The Ninth Circuit found all the Girsh and Prudential factors weighed in favor of the settlement. The complexity, expense, and duration of litigation factors added the settlement determination as to the costs of continuing the litigation were significant. The parties had engaged in significant informal discovery. The court found that the players “faced stiff challenges” of proving general and specific causation to demonstrate their injuries did not arise from high school or college football, and other contact sports, along with a pending motion to dismiss regarding whether federal labor law preempted underlying state court actions.
Unwritten but seemingly well-considered was the NFL is ability to avoid grave public embarrassment during the discovery process of its lengths knowledge of the long term health effects of repeated concussions.
The settlement has three components:
(1) an uncapped Monetary Award Fund that provides compensation for retired players who submit proof of certain diagnoses;
(2) a $75 million Baseline Assessment Program that provides eligible retired players with free baseline assessment examinations of their objective neurological functioning; and
(3) a $10 million Education Fund to instruct football players about injury prevention.
The Uncapped Monetary Award Fund creates awards based on ‘Qualifying Diagnosis.’
|Qualifying Diagnosis||Maximum Award|
|Level 1.5 Neurocognitive Impairment||$1.5 Million|
|Level 2 Neurocognitive Impairment||$3 Million|
|Parkinson’s Disease||$3.5 Million|
|Alzheimer’s Disease||$3.5 Million|
|Death with CTE||$4 Million|
The Baseline Assessment Program is offered to all retired players with at least one-half a season of playing service. It consists of a baseline neurological examination from physicians selected by a court-appointed administrator. This program will last for ten years and funded up to $75 million. To maintain eligibility for a settlement award, all players must take a baseline examination before their 45th birthday. The $10 million Education Fund extends to youth football injury prevention to educating retired players about potential benefits.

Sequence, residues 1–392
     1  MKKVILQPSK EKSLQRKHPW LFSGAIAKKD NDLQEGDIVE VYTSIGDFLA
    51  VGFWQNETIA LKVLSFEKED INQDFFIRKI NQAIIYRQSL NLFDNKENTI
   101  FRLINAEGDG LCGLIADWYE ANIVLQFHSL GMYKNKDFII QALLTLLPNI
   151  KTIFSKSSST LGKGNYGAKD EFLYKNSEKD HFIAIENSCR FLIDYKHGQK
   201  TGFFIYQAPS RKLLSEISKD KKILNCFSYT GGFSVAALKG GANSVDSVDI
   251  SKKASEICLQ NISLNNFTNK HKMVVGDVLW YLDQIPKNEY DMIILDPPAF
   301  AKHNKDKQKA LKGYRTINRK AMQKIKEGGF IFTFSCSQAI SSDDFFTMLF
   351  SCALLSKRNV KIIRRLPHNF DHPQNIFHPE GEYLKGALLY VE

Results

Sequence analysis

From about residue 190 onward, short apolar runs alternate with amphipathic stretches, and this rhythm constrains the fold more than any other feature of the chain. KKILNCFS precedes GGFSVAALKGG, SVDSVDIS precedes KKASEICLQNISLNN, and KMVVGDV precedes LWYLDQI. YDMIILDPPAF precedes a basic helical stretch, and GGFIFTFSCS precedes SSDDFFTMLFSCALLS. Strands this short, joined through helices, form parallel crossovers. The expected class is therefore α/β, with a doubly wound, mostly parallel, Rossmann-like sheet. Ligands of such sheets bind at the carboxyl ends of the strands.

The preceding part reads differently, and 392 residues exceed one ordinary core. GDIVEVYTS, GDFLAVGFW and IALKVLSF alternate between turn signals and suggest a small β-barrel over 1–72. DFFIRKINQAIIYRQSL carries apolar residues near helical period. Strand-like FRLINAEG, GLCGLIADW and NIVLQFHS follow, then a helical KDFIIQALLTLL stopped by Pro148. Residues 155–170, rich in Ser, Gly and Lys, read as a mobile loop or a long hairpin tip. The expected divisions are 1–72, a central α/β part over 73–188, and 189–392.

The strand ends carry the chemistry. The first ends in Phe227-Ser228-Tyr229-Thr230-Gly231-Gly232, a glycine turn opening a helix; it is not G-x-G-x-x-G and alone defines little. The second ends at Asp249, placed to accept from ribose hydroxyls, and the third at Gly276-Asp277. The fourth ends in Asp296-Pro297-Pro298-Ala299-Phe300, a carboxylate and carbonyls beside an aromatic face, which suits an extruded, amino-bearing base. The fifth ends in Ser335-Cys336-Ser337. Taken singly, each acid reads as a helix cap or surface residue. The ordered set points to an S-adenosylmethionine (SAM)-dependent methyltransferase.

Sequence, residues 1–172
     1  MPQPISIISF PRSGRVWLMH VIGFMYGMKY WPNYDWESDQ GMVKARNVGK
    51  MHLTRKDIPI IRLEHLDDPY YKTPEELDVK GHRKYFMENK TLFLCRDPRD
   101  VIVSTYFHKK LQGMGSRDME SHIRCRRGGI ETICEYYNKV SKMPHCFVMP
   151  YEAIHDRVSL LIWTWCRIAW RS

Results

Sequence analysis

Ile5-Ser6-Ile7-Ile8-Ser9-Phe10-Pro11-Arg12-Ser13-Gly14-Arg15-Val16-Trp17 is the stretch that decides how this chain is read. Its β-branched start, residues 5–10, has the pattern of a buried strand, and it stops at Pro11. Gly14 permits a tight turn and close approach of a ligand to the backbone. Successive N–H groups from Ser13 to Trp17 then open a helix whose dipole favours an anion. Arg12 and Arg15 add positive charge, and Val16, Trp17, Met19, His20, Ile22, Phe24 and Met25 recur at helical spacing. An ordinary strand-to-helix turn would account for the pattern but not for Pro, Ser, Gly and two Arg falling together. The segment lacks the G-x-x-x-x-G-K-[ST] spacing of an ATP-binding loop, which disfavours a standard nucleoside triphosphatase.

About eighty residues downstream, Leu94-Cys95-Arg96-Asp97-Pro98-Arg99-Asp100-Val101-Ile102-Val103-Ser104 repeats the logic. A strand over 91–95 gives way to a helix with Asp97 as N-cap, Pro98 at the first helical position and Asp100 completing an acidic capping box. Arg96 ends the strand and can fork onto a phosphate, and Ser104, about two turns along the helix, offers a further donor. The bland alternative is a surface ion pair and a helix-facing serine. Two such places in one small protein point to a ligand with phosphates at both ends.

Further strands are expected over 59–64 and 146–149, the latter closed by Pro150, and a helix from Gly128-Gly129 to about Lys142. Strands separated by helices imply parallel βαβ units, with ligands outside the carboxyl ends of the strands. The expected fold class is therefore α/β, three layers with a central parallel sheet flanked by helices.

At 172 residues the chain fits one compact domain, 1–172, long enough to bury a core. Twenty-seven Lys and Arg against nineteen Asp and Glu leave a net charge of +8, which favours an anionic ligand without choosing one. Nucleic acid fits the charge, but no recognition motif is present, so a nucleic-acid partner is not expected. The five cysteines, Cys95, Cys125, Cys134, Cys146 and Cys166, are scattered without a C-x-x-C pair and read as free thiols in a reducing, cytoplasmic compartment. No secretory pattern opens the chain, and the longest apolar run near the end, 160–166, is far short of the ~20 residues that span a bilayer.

Class Action Settlement Objectors
Approximately one percent of retired players filed objections to the settlement, and another one percent opted out. Some objectors asserted the settlement overestimated the costs of continued litigation asserting the negligence and fraud claims were “straightforward.” However, the court disagreed. 5,000 retired NFL players litigating an alleged multi-decade fraud by the NFL would have been an enormous undertaking. Extensive discovery would be needed to prove the NFL’s fraudulent concealment of the risks of concussions. The court also noted that the threat and costs of formal discovery were a valuable bargaining chip. The court did not mention the NFL’s avoidance of press exposure to ongoing revelations of knowledge of concussion dangers to the players.
The court also noted causation proof problems facing retired players to prove that both general causation that repetitive head trauma can cause the various ailments, and specific causation that a particular player’s brain trauma caused his specific impairments. How many head impacts did they receive during high school, college, and other sports compared to playing in the NFL would be a common defense inquiry.
Objectors also called commonality into an issue. For instance, a lineman, such as Mike Webster playing more than fifteen seasons in the NFL, shares little in common with those of a back-up quarterback who played two seasons. The court dismissed these objections, pointing to the common negligence and fraud questions revolving around the NFL’s knowledge and conduct. The Ninth Circuit stated that “for example, when did the NFL know about the risks of concussion? What did it do to protect players? Did the League conceal the risks of head injuries? These questions are common to the class and capable of class-wide resolution.”
The courts have dismissed all these objections.
Mike Webster’s estate brought an action for disability payments against the NFL’s retirement plan. In 2005, the estate won in district court, and the NFL appealed. The Fourth Circuit Court of Appeal affirmed the lower court’s $1.60 million verdicts, finding that the league must pay benefits for players whose disabilities began while still playing football.
Dr. Omalu was portrayed by Will Smith in the movie ‘Concussion.’ (Will Smith was great by the way).
In 2018, the NFL approved a new helmet-hit rule penalizing a player leading with the crown of their helmets to initiate contact against an opponent on any play. Offending players would be penalized 15 yards and can be disqualified depending on the severity of the hit.
Bob Costas declined to participate in NBC’s coverage of the 2018 Super Bowl, citing his objection to the sport based on CTE concerns.